Some 223 New Jersey businesses will share more than $3 million in New Jersey Labor Department grants to upgrade the skills of their frontline employees.
Grantees – in the fields of manufacturing, health care, packaging, food, and more – will each receive $18,000 to $250,000 through UPSKILL: NJ Incumbent Worker Training Grants, the Labor Department announced today.
The competitively awarded funding is designed to support New Jersey businesses in acquiring a skilled workforce by defraying the costs associated with upskilling frontline employees to meet current and future needs of high-wage, middle- and high-skill jobs. All grants are a minimum of 50 percent employer match, meaning New Jersey businesses are equally committed to this investment in their workforce.
In all, 223 businesses and 8,455 employees at these companies are expected to receive training. Some of the training contracts were awarded to individual companies, while others were to consortiums consisting of multiple businesses in the same sector, such as advanced manufacturing.
“I hear from employers every day how difficult it is in an almost full-employment economy to find workers with the skills the companies need to stay competitive,” said Labor Commissioner Robert Asaro-Angelo. “We believe these grants will make a big difference to employers who need skilled workers to fill orders and provide services, and employees who need to keep their skills current to maintain and advance their careers.”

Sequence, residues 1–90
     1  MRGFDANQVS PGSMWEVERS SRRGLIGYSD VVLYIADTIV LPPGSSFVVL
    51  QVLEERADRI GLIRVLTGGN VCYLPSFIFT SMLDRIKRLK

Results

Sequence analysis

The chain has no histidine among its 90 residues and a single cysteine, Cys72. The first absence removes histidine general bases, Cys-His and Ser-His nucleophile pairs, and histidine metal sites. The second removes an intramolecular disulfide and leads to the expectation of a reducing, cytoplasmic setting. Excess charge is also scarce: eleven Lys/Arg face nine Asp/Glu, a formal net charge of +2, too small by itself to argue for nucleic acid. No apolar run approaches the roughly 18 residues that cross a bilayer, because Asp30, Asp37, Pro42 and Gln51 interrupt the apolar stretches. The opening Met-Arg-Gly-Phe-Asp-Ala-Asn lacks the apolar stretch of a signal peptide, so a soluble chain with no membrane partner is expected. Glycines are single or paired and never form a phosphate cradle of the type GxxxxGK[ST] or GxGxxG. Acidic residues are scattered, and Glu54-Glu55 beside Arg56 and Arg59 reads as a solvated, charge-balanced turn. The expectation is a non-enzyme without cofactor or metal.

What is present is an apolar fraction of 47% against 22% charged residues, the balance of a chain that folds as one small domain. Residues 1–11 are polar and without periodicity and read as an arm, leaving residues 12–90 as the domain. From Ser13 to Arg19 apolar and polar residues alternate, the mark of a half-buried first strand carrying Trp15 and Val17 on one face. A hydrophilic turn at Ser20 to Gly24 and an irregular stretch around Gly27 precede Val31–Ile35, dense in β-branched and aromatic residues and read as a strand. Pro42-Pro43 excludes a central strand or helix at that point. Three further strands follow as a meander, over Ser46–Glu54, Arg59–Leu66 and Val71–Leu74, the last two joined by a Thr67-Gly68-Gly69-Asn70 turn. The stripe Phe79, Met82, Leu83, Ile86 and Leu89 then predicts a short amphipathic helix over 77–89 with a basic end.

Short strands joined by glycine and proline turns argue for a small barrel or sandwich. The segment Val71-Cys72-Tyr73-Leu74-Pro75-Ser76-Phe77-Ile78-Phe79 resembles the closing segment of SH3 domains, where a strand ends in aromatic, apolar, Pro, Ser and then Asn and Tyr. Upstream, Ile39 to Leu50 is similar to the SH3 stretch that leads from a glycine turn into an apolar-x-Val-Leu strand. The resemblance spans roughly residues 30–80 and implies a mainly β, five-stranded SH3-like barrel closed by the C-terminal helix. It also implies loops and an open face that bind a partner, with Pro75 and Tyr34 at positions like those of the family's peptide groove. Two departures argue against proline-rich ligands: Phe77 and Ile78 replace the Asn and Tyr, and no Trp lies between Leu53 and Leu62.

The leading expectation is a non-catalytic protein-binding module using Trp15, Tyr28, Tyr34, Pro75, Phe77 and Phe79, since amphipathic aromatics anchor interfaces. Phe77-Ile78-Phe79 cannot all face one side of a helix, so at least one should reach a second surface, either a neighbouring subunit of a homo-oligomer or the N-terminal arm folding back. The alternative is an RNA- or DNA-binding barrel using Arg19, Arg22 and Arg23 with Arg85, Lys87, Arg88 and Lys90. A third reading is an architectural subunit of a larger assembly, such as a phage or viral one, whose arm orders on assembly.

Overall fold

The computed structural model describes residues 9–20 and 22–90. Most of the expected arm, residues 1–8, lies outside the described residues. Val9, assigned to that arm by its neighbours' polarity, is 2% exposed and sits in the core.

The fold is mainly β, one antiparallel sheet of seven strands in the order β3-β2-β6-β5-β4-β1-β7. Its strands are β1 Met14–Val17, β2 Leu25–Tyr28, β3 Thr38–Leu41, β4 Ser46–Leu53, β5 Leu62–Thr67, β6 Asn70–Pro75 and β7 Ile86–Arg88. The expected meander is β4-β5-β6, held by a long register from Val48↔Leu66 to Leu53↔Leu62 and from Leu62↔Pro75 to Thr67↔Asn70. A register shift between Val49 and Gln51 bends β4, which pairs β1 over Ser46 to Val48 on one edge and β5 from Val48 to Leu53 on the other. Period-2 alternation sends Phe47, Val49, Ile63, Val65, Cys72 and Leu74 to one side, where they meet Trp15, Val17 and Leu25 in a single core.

One grantee, International Union of Operating Engineers Local 825, proposed providing next-generation training beyond the traditional core training covered in an apprenticeship. Journeyman-level workers will be trained in the use of drones for large-scale crane operations and operating remote control cranes. They will receive a new credential upon completion.
Another grantee, Metropolitan Marine Maintenance Contractors Association, is actually a consortium of businesses that do business in the Port of Elizabeth. Together, they plan to train port maintenance workers in welding, hydraulics, and electrical work.
Grant funds are intended to achieve measurable outcomes for employees trained, such as attainment of an industry credential or wage growth, and to “seed” occupational skills training. The grants are not intended to supplement the type of training that would occur without grant assistance.